June 19, 1987 President Ronald Reagan (L) talks with Chadian President Hissen Habre (R) in the White House Oval Office.
Former Chadian president Hissene Habre, who was serving a life term in Senegal for war crimes and crimes against humanity, has died, Senegalese Justice Minister Malick Sall said Tuesday. He was 79.
"Habre is in his Lord's hands," Sall told the television channel TFM.
The Chadian consulate said he had died of Covid-19.
Habre, who ruled Chad from 1982 to 1990, was convicted of war crimes and crimes against humanity at an African Union-backed trial in the Senegalese capital Dakar in 2016.
He seized power in Chad in 1982, but fled to Senegal in 1990 after he was in turn overthrown.
Habre's rule was marked by brutal crackdowns on dissent, including alleged torture and executions of opponents.
Some 40,000 people are estimated to have been killed under his leadership of the semi-desert country.
In exile in Dakar, Habre lived a quiet life in an upmarket suburb with his wife and children.
But the former dictator -- who was dubbed "Africa's Pinochet" -- was finally arrested in 2013 and tried by a special tribunal set up by the AU under a deal with Senegal.
Habre began serving his life sentence in the Cap Manuel penitentiary in Dakar.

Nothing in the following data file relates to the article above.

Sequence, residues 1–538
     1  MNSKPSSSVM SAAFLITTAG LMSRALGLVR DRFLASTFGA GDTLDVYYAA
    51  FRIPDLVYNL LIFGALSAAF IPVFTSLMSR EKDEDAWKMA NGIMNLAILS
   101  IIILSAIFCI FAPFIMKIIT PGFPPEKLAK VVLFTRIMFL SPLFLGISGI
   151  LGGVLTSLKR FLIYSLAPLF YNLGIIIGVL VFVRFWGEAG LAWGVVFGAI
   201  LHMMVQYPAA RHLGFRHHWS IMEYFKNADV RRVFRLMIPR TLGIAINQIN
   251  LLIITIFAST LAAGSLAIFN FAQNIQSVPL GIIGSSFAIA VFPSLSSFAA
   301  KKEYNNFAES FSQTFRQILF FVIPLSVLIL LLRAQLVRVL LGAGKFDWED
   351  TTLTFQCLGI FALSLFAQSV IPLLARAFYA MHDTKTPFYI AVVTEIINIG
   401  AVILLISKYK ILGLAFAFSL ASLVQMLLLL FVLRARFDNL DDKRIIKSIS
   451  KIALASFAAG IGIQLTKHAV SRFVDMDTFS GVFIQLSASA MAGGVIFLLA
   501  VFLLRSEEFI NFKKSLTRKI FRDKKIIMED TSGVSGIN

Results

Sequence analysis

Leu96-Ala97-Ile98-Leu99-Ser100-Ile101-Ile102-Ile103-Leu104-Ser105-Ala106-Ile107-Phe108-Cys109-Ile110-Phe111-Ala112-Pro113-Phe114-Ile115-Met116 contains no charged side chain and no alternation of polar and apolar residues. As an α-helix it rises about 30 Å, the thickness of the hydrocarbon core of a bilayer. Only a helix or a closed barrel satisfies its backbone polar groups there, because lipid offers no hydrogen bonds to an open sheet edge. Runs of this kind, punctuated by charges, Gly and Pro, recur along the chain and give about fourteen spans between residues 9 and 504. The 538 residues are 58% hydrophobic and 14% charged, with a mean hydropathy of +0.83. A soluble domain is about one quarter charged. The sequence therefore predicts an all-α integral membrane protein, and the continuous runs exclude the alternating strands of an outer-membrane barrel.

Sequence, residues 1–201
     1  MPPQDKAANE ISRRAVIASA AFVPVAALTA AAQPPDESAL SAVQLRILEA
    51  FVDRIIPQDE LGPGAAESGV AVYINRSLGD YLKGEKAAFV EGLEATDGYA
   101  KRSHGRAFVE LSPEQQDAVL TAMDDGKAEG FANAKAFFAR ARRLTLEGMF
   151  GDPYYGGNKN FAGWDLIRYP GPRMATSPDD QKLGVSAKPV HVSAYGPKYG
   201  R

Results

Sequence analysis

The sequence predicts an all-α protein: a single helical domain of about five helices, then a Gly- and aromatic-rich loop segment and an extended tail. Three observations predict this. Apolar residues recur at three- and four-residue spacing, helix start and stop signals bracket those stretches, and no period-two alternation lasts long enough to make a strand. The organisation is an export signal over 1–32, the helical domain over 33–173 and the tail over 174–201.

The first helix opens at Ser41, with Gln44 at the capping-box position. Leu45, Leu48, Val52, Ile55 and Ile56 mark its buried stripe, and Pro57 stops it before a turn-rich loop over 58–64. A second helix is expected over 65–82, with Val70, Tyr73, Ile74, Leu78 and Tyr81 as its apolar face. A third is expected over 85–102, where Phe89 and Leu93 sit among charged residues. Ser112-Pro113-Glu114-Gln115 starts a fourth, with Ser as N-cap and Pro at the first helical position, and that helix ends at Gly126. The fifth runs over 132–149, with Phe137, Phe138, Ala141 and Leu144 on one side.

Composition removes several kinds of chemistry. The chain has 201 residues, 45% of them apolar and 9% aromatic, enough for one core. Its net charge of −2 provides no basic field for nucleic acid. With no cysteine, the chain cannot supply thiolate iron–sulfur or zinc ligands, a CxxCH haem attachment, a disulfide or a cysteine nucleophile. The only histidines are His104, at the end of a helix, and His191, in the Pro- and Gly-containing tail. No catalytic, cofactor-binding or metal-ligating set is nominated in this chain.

His supporters voiced concerned for his health and pushed for more lenient detention conditions given his advanced age.
Last year, a Senegalese judge granted him a two-month furlough designed to shield him from coronavirus.
Groups representing Habre's victims recognised his right to be treated humanely, but fiercely resisted preferential treatment for the former dictator.
Reed Brody, a lawyer who represented Habre's victims, said in a statement on Tuesday that he had been calling "for months" for the former dictator to be vaccinated against Covid.
AFP was unable to independently verify whether Habre had received a jab.
Brody was nonetheless withering about Habre's legacy, saying he would "go down in history as one of the world's most pitiless dictators."
Habre "slaughtered his own people to seize and maintain power... burned down entire villages, sent women to serve as sexual slaves for his troops and built clandestine dungeons to inflict torture on his enemies," Brody said.
Habre's conviction in 2016 was seen as a turning point for pursuing rights abusers in Africa, where the International Criminal Court (ICC), located in The Hague, was becoming increasingly unpopular.
The former dictator was ordered to pay up to 30,000 euros ($33,000) to each victim who suffered rape, arbitrary detention and imprisonment during his rule, as well as to their relatives.